Recently, the Drug Enforcement Agency issued a warning to parents and caregivers to be on the lookout for fake pills.
This is due to an increase in fentanyl deaths and the serious effects it causes those who consume fake pills laced with drugs. According to the DEA, cartels and gangs are making fentanyl and pressing them into fake pills. Fake pills are made to look like OxyContin, Xanax, Adderall, and other pharmaceuticals.
“These fake pills contain no legitimate medicine,” said DEA officials. “Fentanyl is also made in a rainbow of colors so it looks like candy.”
This causes a concern for parents, as children can find or receive the fake pills and mistake them for candy causing severe side effects.
The DEA went on to state, that according to lab testing, fentanyl is dangerous as four out of every ten pills with the substance contains a potentially lethal dose.
According to the CDC, pharmaceutical fentanyl is a synthetic opioid, approved for treating severe pain, typically advanced cancer pain. In its prescription form it is legal, however, due to its powerful opioid properties, Fentanyl is also diverted for abuse. Fentanyl misuse can cause confusion, drowsiness, dizziness, nausea, vomiting, changes in pupil size, cold and clammy skin, coma, and respiratory failure leading to death.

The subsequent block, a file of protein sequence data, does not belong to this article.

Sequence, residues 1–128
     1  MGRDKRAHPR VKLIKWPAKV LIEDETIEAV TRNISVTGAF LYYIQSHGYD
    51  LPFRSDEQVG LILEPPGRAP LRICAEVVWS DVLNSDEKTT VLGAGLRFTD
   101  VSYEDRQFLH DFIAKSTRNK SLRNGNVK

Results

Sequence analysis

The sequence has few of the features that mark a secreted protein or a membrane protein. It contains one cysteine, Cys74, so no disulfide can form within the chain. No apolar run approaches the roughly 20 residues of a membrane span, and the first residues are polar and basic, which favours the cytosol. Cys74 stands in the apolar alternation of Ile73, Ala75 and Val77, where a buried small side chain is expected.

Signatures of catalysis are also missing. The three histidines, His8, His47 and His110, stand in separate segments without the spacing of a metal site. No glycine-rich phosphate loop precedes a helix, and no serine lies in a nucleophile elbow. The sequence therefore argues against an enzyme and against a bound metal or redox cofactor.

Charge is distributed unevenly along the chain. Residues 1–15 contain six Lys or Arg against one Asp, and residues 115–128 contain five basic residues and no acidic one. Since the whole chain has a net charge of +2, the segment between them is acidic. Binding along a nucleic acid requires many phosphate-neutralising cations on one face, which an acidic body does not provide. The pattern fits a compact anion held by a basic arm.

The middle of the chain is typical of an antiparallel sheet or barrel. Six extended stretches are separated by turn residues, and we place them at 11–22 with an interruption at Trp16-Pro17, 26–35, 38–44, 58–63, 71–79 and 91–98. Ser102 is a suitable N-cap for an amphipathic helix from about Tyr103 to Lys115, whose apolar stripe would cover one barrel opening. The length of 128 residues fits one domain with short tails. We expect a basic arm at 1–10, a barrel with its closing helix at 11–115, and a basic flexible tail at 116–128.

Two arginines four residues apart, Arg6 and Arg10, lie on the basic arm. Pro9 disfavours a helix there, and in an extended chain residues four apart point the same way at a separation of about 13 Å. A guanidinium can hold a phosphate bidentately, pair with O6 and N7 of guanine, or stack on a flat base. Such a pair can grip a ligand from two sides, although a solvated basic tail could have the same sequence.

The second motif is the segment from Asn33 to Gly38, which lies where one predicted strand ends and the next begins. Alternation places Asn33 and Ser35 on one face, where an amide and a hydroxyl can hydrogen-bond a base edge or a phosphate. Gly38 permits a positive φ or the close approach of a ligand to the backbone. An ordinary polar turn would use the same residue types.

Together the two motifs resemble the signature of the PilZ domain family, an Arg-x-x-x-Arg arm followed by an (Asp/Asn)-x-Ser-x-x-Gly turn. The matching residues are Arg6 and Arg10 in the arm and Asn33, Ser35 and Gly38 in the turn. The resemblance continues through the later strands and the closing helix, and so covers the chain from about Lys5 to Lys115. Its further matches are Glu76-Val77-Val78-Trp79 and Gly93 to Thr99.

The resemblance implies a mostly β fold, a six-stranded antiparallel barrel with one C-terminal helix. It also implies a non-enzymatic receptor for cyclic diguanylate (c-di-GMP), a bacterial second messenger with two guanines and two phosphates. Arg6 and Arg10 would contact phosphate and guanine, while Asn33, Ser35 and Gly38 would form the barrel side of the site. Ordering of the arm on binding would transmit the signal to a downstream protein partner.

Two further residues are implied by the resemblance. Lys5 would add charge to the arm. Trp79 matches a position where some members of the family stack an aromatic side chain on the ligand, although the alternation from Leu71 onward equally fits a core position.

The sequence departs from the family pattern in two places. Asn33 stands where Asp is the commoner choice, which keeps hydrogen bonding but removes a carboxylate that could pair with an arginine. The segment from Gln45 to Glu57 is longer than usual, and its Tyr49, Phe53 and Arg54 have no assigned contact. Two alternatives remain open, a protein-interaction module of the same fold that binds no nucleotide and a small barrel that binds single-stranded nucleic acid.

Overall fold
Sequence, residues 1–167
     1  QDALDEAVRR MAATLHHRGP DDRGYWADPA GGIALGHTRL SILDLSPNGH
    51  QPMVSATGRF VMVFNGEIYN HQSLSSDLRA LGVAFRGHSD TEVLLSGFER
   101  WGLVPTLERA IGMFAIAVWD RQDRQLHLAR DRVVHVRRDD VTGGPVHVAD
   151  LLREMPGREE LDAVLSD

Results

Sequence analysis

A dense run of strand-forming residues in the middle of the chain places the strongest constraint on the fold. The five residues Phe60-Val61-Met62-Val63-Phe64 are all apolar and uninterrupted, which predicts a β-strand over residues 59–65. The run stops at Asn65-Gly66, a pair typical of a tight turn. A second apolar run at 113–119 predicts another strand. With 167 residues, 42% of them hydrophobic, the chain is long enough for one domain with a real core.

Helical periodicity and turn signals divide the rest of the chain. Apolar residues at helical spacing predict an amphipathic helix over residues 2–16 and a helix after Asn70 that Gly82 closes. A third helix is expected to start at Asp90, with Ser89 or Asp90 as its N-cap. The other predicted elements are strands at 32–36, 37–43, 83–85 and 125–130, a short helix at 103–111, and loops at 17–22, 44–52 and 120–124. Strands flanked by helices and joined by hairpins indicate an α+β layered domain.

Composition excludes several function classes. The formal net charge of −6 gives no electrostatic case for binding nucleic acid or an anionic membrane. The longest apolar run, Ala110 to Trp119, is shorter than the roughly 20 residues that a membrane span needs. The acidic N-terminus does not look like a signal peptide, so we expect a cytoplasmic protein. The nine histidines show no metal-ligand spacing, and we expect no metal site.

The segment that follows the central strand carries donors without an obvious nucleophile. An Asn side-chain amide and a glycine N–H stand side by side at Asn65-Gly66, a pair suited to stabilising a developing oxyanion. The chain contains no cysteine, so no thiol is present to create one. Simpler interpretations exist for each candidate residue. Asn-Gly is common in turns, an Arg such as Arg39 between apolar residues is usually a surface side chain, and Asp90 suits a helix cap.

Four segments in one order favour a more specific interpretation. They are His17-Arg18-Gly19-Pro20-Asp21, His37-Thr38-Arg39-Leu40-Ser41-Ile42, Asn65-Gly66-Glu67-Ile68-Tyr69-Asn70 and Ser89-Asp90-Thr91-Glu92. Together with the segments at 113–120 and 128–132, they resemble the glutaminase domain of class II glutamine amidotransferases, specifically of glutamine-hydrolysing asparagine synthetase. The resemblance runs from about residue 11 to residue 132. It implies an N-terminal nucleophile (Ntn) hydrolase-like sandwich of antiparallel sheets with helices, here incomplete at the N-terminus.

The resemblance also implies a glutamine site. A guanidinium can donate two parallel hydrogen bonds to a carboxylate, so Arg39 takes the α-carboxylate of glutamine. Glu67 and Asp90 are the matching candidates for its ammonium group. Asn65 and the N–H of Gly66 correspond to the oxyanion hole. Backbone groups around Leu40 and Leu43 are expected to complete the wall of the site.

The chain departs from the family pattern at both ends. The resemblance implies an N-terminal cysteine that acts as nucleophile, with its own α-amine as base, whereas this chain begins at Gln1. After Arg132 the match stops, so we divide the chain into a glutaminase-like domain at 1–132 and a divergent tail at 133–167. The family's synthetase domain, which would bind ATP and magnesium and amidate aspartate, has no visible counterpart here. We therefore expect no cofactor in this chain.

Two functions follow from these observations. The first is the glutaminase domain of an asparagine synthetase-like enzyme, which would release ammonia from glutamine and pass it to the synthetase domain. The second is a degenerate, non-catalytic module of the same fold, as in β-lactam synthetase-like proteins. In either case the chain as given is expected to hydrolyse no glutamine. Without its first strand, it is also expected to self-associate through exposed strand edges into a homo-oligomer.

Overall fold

How would my child get fentanyl?
Drug traffickers are using social media to advertise drugs and conduct sales. If you have a smartphone and a social media account, then a drug trafficker can find you. This also means they are finding your kids who have social media accounts.
“The drug landscape is dramatically different from when you (parents) grew up, or even from just a few years ago,” said DEA officials. “All parents and caregivers need to be educated on current drug threats to be able to have informed talks with their kids.
The DEA guidance provides some tips for parents and caregivers who have children, in an effort, to keep them protected from Fentanyl.
· Encourage open and honest communication
· Explain what fentanyl is and why it is so dangerous
· Stress not to take any pills that were not prescribed to you from a doctor
· No pill purchased on social media is safe
· Make sure they know fentanyl has been found in most illegal drugs
· Create an “exit plan” to help your child know what to do if they’re pressured to take a pill or use drugs.
For more tips on how to talk to your child about drugs, read Chapter 4 of Growing Up Drug Free: A Parent’s Guide to Substance Use Prevention at www.getsmartaboutdrugs.com/publications.